Communities need to understand that energy is a driver of economic growth in Kenya and scale up initiatives to spur growth

By Pamela Kaithuru

The global community is faced with the challenge of provision of affordable energy made more complex today by climate change. In an attempt to seek solutions to problems, nations have policies and goals.

For example, Sustainable Development Goal number 7 focuses on universal access to affordable, reliable, and modern energy. It is crucial to eradicating poverty, improve health and education, fostering economic growth, and promoting sustainable practices.

This is very significant in that it improves the overall quality of life for individuals and communities; leads to a reduction in poverty, inequalities, and social exclusion. Further, it promotes economic opportunities, access to basic services, and sustainable development.

This requires nations to invest in renewable energy resources, enhance efficiency, promote access in underserved areas, and foster international cooperation to advance clean energy technologies and infrastructure.

Kenya is a signatory to the global goals among other blueprints. These go a long way in fostering stability, prosperity, and well-being for the Kenyan population.  Kenya is not left behind in these efforts and in this article; I highlight the importance of energy for social and economic development.

Irrespective of the challenges communities face they strive to develop. Of importance is that meaningful social economic development is understood as the improvement of the living conditions and well-being of a people. It is achieved through economic growth, social inclusion, and human development.

There are many factors that drive growth, communities have the responsibility to spur their own growth and they need to know why and how. One of the drivers of social economic development is energy.  It is a significant driver of economic growth and plays a crucial role in various sectors such as industrialization, agriculture, business and entrepreneurship, and infrastructure among others.

A focus on some of the sectors tells it all. Industries and manufacturing ranging from textiles to food processing require access to energy to operate efficiently and increase productivity.

Kenya being an agro-based economy depends on improved productivity that is modernized; such as access to energy for irrigation, machinery, and post-harvest technologies that lead to improved crop yields, reduced post-harvest losses, and increased incomes for farmers.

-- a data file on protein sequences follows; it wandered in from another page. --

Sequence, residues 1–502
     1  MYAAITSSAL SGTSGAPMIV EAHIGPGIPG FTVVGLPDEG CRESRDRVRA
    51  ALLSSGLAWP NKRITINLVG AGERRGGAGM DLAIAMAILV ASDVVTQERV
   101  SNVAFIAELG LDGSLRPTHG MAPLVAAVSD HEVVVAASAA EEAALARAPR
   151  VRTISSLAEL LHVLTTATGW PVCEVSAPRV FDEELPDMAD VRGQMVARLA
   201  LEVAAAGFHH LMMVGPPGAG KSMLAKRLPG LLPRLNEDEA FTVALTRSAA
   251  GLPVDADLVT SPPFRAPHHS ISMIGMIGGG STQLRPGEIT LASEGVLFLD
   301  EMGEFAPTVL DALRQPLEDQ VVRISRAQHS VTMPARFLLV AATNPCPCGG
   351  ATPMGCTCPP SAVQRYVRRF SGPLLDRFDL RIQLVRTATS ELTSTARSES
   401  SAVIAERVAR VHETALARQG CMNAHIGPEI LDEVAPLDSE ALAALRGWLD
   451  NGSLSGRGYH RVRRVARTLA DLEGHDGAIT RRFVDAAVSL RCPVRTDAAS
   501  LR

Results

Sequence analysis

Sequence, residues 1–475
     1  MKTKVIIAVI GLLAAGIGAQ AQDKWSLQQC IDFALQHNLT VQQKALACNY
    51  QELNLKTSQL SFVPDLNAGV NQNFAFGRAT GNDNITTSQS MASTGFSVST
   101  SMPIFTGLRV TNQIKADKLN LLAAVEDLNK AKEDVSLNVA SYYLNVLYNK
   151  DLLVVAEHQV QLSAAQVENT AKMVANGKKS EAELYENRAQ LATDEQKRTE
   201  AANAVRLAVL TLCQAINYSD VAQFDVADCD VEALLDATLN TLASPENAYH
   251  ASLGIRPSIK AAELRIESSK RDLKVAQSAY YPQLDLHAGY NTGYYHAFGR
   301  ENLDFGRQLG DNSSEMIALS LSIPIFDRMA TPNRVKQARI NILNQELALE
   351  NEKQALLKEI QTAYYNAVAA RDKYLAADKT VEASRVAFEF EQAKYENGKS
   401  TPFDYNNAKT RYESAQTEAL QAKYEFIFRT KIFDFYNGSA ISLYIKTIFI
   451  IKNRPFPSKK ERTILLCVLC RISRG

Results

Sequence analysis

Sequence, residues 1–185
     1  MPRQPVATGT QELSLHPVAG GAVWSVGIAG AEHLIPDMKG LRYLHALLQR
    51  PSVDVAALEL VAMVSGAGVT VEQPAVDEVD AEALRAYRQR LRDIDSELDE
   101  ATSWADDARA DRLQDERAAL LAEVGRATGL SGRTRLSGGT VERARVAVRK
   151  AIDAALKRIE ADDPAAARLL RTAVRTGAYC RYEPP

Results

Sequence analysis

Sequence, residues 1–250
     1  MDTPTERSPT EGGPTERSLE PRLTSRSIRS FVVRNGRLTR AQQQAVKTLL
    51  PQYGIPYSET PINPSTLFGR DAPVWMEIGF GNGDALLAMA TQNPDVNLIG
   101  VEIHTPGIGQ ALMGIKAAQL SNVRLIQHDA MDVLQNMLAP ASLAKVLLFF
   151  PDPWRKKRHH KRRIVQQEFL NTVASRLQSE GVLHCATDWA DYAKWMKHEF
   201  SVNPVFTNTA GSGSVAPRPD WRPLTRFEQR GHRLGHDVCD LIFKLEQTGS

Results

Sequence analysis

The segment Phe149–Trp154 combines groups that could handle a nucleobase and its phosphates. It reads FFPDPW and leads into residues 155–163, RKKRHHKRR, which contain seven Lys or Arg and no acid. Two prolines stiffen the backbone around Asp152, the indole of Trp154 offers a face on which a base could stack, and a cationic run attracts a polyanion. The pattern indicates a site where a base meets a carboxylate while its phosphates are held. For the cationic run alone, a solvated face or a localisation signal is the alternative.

The business and entrepreneurship sector, the small and medium-sized enterprises, requires energy to run. This is a major sector that supports a lot of jobs in Kenya, powering the equipment and machines.

The rural population that is large and key to spurring development requires energy for the creation of small-scale industries, improved health care services, and enhanced education through access to computers and internet connectivity among other amenities. This is a priority more so with the onset of devolved government in Kenya for inclusive growth and reduction of regional disparities and consequent rural-urban migrations in search of jobs.

Energy is key in expanding and growing infrastructure, such as power plants, transmission lines, and distribution networks.

Having reliable supply is necessary for the construction and operation of other infrastructure sectors such as education, healthcare, communication, and transportation and it acts to enable the provision of services thereby attracting investments and promoting economic and social growth.

However, there is a need to consider sources of energy, in view of those that have minimal impact on the environment, contribute to climate change mitigation, and promote long-term economic and social well-being. Renewable energy sources, such as solar, wind, hydroelectric and geothermal; biomass, and nuclear energy provide clean energy, reduce greenhouse gas emissions and contribute to the mitigation of climate change and promote sustainable economic growth and social well-being.

Kenya, in the midst of notable progress in the energy sector, faces a challenge of energy deficit occasioned to some extent by the rapid growth, driven by population growth, urbanization, and economic development. Going forward, with increased understanding, rural communities have to be intentional around the energy sector.

Some of the solutions include but are not limited to the need to raise awareness about energy conservation; renewable energy options harness the potential of renewable energy sources available in their surroundings, implement energy efficient practices and initiate community-based energy projects.

This is the understanding that is very critical in order to spur social economic development with clarity that “Sustainable development is the development that meets the needs of the present, without compromising the ability of future generations to meet their own needs.”